Let's think for a minute.
It helps to think of diodes as voltage variable resistors. Try drawing the circuit with the diodes replaced with 1-ohm resistors with a switch in series. When the voltage across the diode is greater than the diode drop, the switch closes and it looks like a 1 ohm resistor. Then evaluate what the opamp does each way.
I can't quite tell from your description whether you're using a back to back clipper to ground from the output end of the feedback loop or the inverting input end of the feedback loop.
Diodes to ground from the output end can be connected up either directly to ground or through a capacitor. In a single supply setup, directly to ground clamps the output of the opamp to one diode above ground, which may be hard on the opamp if it's being fed a reference voltage of 4.5V. It sits in current limit until the signal pulls it below the diode drop.
If you're using bipolar supplies, or tie the diodes to Vref or through a capacitor, then the diodes act as a hard current limit on the output. The voltage can't go above the diode's voltage drop at whatever current limit the opamp has. So the opamp is running dead linear until you trigger the diode switch on, and then the diode can eat as much current as the opamp can pour out.
This is only varied a bit by the fact that a resistor/resistor/capacitor Vref or a capacitor to ground is not a perfect short. These setups will let the capacitors charge up and unclamp the thing at some point. Diodes to Vref may cause low frequency motorboating because they give you mixed positive and negative feedback, and in some cases could cause oscillation. Not often, but could.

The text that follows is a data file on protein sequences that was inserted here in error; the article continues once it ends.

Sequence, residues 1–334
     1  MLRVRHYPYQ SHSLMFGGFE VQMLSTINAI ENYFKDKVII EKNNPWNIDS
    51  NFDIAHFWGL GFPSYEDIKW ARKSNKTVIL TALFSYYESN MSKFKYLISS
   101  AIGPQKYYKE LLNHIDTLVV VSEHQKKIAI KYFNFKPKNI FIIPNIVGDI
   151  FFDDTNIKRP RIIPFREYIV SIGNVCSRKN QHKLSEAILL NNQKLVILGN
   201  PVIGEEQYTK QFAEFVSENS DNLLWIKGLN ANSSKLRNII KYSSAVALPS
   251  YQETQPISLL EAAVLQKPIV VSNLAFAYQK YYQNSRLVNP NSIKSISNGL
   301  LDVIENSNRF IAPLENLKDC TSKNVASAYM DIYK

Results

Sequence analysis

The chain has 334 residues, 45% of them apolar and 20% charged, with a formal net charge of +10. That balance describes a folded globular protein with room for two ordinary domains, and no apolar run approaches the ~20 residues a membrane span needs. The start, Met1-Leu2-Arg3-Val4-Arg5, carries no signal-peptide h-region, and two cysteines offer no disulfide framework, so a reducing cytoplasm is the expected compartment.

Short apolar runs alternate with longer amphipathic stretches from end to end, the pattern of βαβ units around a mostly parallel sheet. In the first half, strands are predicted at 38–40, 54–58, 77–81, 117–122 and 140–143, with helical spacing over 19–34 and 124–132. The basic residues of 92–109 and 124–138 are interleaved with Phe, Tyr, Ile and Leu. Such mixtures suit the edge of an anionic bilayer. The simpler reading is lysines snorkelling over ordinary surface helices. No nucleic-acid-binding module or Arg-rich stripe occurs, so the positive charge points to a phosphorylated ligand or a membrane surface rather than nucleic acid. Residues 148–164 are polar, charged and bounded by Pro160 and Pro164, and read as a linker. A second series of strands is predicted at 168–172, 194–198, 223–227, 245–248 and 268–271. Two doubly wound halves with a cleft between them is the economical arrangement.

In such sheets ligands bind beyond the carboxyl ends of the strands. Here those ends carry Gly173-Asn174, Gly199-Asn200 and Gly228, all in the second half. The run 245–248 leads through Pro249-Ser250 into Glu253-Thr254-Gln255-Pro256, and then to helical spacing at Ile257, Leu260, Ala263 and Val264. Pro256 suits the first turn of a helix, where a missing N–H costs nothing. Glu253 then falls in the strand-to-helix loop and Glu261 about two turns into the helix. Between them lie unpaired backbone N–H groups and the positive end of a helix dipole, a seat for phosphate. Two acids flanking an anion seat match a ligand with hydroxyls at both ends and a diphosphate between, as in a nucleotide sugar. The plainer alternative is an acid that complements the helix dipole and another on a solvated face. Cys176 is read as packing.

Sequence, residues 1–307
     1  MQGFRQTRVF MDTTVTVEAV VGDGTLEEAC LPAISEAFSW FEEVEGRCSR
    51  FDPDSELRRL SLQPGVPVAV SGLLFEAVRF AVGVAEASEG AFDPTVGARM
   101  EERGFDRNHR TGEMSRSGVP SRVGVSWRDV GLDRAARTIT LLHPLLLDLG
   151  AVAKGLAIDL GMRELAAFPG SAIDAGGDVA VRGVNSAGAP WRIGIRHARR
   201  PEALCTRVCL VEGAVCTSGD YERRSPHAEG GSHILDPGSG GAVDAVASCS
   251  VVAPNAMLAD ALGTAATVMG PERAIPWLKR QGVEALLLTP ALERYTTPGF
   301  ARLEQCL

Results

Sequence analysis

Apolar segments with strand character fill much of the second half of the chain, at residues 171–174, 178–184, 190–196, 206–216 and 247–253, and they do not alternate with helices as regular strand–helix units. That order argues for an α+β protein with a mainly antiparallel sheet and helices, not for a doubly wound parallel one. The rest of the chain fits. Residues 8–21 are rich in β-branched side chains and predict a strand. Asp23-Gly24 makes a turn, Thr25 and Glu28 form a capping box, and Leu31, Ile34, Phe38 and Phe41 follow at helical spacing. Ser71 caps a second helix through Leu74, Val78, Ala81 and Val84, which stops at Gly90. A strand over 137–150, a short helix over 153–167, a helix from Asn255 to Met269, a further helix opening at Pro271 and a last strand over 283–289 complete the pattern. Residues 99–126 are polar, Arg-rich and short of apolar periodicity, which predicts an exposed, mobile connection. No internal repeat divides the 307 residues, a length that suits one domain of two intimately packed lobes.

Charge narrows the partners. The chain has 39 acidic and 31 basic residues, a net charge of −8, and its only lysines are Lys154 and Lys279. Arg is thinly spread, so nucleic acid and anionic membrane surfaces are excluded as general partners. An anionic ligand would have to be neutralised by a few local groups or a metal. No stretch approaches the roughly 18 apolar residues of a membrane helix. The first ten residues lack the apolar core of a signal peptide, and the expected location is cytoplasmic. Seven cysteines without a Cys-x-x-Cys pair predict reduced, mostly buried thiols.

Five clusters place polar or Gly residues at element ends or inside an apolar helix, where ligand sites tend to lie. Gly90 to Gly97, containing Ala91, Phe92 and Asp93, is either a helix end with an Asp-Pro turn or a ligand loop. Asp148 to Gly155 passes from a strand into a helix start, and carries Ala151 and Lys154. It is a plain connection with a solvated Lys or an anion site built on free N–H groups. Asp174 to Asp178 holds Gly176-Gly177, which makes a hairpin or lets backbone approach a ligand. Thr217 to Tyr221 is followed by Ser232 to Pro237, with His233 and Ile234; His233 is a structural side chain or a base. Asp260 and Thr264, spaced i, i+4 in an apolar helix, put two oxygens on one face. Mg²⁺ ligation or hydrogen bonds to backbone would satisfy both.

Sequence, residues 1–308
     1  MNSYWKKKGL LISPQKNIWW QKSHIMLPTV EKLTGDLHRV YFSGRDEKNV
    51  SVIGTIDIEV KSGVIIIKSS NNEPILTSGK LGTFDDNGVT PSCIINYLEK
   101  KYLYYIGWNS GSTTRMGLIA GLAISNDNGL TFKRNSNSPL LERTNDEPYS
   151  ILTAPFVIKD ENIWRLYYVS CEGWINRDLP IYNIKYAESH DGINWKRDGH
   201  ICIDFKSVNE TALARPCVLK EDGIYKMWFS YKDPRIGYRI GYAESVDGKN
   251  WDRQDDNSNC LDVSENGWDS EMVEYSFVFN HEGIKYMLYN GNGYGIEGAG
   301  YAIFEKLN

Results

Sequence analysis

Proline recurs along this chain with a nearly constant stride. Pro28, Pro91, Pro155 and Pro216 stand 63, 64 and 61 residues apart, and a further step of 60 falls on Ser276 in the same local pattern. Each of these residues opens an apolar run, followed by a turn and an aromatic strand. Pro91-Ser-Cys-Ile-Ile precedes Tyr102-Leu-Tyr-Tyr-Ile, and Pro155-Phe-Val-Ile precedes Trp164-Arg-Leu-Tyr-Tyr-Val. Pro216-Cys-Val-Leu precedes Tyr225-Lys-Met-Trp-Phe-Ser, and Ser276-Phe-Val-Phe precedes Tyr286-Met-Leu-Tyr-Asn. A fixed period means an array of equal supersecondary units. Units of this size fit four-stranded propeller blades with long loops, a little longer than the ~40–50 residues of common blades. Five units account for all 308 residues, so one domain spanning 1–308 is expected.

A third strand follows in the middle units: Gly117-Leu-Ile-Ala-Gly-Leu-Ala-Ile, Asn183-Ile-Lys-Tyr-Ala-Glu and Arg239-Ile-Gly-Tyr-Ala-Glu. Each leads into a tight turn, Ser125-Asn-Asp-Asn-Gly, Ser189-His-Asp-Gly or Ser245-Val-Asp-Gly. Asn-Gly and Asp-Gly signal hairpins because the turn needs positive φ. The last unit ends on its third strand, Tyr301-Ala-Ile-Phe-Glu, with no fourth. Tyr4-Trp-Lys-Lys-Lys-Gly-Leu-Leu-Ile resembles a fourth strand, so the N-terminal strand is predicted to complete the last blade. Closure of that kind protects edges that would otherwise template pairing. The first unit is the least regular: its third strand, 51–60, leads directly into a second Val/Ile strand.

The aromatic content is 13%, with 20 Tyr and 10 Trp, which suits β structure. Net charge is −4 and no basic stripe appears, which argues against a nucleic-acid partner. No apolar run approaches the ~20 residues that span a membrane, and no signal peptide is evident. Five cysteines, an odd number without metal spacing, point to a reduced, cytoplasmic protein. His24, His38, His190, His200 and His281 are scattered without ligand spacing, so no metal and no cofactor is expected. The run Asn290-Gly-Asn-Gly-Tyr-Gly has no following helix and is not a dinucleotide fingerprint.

Diodes from the inverting input to Vref will have different effect depending on whether you drive signal into the noninverting input or the inverting input. If you use the inverting input for signal in, the diodes have no effect whatsoever. The inverting input in this case sits at virtual ground, moves no more than millivolts, and never turns the diodes on.
If you drive it from the noninverting input, the diodes do their one-ohm dance because signal on the non-inverting input moves the virtual ground around, and will eventually cause a diode to switch over to low resistance.
When that happens, feedback is made inoperative and the opamp blams against the power supply in whichever direction the signal is pushing it, as it cannot supply enough current through the feedback resistor to balance.
So signals under a diode drop are normal, and peaks over a diode drop at the + input will cause a sudden wham to the power supply.
Anyway, use the switched resistor model to think about what happens.
And *do* think. Good practice.